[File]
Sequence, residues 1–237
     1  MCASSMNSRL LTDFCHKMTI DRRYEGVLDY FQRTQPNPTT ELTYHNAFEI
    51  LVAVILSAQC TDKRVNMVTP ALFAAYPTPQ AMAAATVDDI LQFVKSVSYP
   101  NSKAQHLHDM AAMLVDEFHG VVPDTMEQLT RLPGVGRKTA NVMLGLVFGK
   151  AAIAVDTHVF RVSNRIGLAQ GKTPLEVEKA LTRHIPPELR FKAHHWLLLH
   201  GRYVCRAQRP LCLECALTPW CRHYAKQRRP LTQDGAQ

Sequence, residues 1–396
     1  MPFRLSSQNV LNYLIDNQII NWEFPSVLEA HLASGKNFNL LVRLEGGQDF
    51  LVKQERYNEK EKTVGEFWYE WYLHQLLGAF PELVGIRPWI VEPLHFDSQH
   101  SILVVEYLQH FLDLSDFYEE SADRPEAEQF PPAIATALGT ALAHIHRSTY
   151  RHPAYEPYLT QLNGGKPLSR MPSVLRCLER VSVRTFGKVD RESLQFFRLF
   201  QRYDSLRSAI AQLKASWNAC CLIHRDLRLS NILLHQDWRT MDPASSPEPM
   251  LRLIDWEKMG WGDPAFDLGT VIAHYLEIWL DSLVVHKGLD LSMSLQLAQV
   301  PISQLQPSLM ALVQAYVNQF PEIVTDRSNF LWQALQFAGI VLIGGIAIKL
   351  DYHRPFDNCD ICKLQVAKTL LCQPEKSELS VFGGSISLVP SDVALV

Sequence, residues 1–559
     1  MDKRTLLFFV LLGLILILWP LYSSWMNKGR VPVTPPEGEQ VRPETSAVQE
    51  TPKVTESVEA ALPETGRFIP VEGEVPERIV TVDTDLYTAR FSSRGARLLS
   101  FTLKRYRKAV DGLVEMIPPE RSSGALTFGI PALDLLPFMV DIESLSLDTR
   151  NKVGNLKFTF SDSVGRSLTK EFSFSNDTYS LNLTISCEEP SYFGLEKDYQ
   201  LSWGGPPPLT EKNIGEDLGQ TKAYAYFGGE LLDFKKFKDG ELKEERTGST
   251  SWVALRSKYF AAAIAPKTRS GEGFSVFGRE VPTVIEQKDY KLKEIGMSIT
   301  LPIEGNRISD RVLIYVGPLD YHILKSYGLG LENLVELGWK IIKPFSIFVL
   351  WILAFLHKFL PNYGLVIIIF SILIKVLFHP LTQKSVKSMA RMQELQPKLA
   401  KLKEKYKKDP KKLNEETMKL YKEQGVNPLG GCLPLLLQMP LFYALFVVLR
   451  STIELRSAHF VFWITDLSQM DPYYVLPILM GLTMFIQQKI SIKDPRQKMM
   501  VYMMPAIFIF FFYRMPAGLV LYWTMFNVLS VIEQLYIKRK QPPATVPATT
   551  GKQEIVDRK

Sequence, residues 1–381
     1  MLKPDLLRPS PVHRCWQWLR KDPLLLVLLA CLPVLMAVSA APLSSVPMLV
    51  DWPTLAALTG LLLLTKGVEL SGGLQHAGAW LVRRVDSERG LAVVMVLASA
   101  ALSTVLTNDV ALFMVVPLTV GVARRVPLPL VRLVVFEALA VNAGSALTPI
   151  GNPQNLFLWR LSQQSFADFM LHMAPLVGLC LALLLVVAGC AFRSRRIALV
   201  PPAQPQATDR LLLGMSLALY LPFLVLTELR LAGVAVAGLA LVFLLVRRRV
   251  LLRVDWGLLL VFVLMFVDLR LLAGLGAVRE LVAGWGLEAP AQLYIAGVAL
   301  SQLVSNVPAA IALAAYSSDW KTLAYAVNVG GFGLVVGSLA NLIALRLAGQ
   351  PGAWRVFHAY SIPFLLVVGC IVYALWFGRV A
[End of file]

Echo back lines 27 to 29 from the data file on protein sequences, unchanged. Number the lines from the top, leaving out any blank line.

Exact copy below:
   501  VYMMPAIFIF FFYRMPAGLV LYWTMFNVLS VIEQLYIKRK QPPATVPATT
   551  GKQEIVDRK

Sequence, residues 1–381